ARM Cortex-M Embedded C Fundamentals/Tutorial
-Aviral Mittal (avimit att yhaoo dat cam)
 This tutorial uses Keil uVision 5 IDE available to download for free. Follow this link


This techerature is about the process starting from writing a simple embedded C-code to its execution.
This techerature attempts to use no jargon, and is targeted for anyone who is interested in knowing how to start writing a embedded C-program or an assembly language program for ARM Cortex-M series processor.
The world is flooded with information, however the information resides in a way that all of the information appears to be junk to a person from some other background. For example if you are from hardware background, the software information appears to be cryptic. For example in software world they use the word 'image' for a binary file that is obtained from a corresponding C program. Seriously if you dont know what an 'image file' is, then somehow jpeg or gifs come into your imagination. I have no idea why its called an 'image'. This techerature is an attempt to keep it very simple without the use of 'what-software-assumes-everyone-knows-by-birth' kind of jargon.

This is all about ARM architecture, so its focused on embedded 'c' aka the c program written for a ARM based Microcontroller.

C-code is human readable, the processor cannot execute it. It must be converted into 0s and 1s, because that is what a processor can execute.
So before the C-code can be executed, this C-Code must be converted into processor instructions in binary format, then this binary format instructions will then be placed into memory, and the processor will then start fetching and executing instructions from this memory (see on use of the software jargon 'image file')
But this sounds very simple. Behind the scenes a lot things happen, a lot of things have to be considered.

The very basic Embedded C program:
This section describes a very simple embedded C-program with some explanation.
Let us Consider a very simple embedded C program to start with:

typedef unsigned long uint32_t;
int main ()
    int ii;
    for(ii=0;ii<305419896;ii++) {
    *((uint32_t *)0x40E00018) = 0x87654321;

If you have no prior knowledge of embedded C, the above code is already cryptic, but let me explain it line by line:
The first line is a definition of a type of data, the program will use. A new type of data is defined which is called 'uint32_t'. This is defined as a 'long'. 'long' is a predefined data type in C language which represents a binary number that is 32 bit wide.

The second line is the 'main' function call. Essential for every C-program. And this is where the user will write what they want to do.
'int ii' is self explanatory, its declaration of an integer, which will be used in a 'for loop'. In C language, explicit declaration of all the variables is required before you can use them.
The 'for (ii......) is again self explanatory, a for loop is started which will execute 305419896 times.
then you have the line:
*((uint32_t *)0x40E00018) = 0x87654321;
looks like a world-war 2 encrypted code to instruct someone to fire a torpedo!.
Let me explain:

C language uses what are called 'pointers'. Pointer is an address to a memory location. The 'star' or 'asterisk' is used to define/declare a pointer.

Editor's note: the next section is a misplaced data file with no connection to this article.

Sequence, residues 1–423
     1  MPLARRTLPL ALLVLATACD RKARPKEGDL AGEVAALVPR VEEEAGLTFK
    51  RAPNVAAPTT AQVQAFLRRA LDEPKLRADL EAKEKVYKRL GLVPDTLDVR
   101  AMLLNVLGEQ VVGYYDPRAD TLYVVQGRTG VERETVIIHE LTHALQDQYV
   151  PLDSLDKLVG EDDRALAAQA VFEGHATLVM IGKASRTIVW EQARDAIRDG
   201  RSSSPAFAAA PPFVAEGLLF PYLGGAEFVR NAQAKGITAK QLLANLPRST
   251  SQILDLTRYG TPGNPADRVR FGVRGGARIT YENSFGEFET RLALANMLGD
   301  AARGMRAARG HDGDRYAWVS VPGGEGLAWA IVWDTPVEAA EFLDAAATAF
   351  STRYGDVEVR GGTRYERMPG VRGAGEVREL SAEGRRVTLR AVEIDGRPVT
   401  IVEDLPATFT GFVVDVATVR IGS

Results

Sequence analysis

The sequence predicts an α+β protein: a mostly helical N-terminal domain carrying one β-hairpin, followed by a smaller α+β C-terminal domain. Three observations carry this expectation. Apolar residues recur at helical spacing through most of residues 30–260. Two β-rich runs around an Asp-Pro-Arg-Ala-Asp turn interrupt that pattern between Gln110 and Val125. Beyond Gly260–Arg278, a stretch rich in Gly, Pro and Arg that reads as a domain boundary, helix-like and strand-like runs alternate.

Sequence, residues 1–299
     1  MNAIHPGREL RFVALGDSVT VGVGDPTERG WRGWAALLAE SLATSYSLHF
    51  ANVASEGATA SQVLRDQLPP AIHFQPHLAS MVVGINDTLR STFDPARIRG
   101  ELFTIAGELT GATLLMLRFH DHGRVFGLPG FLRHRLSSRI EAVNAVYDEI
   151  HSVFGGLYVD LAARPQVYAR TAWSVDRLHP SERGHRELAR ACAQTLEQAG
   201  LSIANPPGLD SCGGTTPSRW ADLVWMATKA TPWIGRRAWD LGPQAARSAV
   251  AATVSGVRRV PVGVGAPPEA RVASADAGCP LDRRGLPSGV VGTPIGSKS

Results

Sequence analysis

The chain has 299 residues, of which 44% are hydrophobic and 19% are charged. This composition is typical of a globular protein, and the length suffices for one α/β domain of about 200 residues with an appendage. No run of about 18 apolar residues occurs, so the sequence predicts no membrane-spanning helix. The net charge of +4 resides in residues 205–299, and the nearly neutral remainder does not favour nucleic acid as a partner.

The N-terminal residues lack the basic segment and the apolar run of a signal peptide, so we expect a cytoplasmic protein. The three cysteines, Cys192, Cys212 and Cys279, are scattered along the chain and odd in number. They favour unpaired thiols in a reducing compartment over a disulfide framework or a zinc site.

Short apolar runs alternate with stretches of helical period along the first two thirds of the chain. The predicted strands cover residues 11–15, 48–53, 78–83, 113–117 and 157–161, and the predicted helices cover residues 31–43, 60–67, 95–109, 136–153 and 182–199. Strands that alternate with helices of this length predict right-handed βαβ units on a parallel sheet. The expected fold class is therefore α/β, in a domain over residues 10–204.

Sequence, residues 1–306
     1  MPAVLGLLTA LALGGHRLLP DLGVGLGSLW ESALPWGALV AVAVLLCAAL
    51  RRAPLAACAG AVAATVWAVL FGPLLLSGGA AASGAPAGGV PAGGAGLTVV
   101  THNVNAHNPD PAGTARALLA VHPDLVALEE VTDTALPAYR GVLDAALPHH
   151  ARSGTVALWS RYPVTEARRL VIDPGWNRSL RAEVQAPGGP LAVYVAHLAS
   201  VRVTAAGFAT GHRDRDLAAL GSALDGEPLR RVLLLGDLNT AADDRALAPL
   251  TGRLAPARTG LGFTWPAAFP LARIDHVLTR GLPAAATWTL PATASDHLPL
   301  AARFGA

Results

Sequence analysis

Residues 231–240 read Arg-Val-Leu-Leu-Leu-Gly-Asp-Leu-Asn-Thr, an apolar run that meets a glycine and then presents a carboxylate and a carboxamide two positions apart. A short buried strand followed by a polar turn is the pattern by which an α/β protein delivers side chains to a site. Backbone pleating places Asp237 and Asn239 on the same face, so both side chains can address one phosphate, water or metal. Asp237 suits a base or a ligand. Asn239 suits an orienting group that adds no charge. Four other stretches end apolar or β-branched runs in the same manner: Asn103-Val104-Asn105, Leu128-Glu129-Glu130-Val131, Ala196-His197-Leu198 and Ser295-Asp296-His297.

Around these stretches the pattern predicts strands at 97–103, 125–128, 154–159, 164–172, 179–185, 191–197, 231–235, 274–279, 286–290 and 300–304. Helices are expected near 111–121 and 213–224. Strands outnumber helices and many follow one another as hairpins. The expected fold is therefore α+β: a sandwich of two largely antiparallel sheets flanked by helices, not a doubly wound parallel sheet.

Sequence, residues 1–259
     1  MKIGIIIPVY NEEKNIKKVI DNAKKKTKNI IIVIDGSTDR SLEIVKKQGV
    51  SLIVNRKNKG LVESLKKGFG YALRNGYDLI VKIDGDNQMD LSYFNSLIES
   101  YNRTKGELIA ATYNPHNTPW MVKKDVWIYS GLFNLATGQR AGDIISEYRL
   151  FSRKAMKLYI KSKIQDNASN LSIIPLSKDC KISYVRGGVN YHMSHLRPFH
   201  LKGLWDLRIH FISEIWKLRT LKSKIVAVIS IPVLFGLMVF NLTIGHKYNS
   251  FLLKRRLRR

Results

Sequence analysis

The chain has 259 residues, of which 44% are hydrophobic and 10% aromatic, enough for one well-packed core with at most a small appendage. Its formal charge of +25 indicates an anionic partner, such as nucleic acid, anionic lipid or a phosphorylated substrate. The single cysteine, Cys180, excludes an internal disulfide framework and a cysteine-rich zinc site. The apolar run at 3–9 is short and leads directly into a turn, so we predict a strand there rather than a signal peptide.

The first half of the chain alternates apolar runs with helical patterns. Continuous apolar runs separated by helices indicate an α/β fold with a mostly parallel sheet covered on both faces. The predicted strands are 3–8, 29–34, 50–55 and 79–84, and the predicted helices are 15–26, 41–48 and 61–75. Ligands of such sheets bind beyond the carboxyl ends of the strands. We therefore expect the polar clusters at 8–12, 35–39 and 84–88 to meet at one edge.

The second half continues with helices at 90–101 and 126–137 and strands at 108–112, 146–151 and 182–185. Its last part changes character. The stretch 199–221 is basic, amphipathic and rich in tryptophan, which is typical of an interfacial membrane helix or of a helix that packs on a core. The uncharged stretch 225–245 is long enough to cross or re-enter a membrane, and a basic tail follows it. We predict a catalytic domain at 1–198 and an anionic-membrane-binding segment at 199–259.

'0x' : this means that the value that follows '0x' is in hexadecimal format.

Now the above line of code simply means, that the user wants to send a hex value of 0x8765_4321 to a memory location 0x40E0_0018. Simple.
The '(unit32_t *)' written in braces above means that the user intends to convert the constant value of '0x40E0_0018' to another type of data, i.e. to a pointer, so that it can be used as a address to a memory location. A pointer points to a memory location simple.

See here we have just explained how a constant data (0x40E0_0018) is now converted into another type of data called a pointer data type. The Software guys call it 'type casting'. i.e. cast a type of data into another. Or change one type of data into another. So here it is 'type casting' jargon busted.

Then '*((uint32_t *)0x40E00018) = 0x87654321' collectively means that the user now wants to write a value of 0x8765_4321 to the memory location 0x40E0_0018. The 'star' of a pointer refers to the value at the location pointed to by the pointer. So in the above line the user assigns 0x8765_4321 to 'star' of  '(uint32_t *)0x40E00018'.  Remember, '(uint32_t *)0x40E00018' is a pointer pointing to the memory location 0x4E0_0018.

The asm("NOP") is a 'no-operation' instruction in assembly language, and is used here as I dont know what is the alternative in C-language. To use assembly instructions in C language, 'asm("Assembly_Instruction)' is used.

Now comes the while loop:
while (1) {}.
This code will be there in most of the embedded C programs. In Embedded world the processor will run as long as it has power. Its like a jinnie out of the bottle, it must do something all the times. If the power to the processor is not shut off, or the processor is not put to sleep it will keep on doing 'something'. So the above while (1) do nothing loops does exactly the same.


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Embedded C programs are written for some target microcontroller. A typical microcontroller has a microprocessor, memory, peripherals and a clock source at the least. The above C-program writes to a memory location This memory location could belong to a 'register' inside a peripheral device.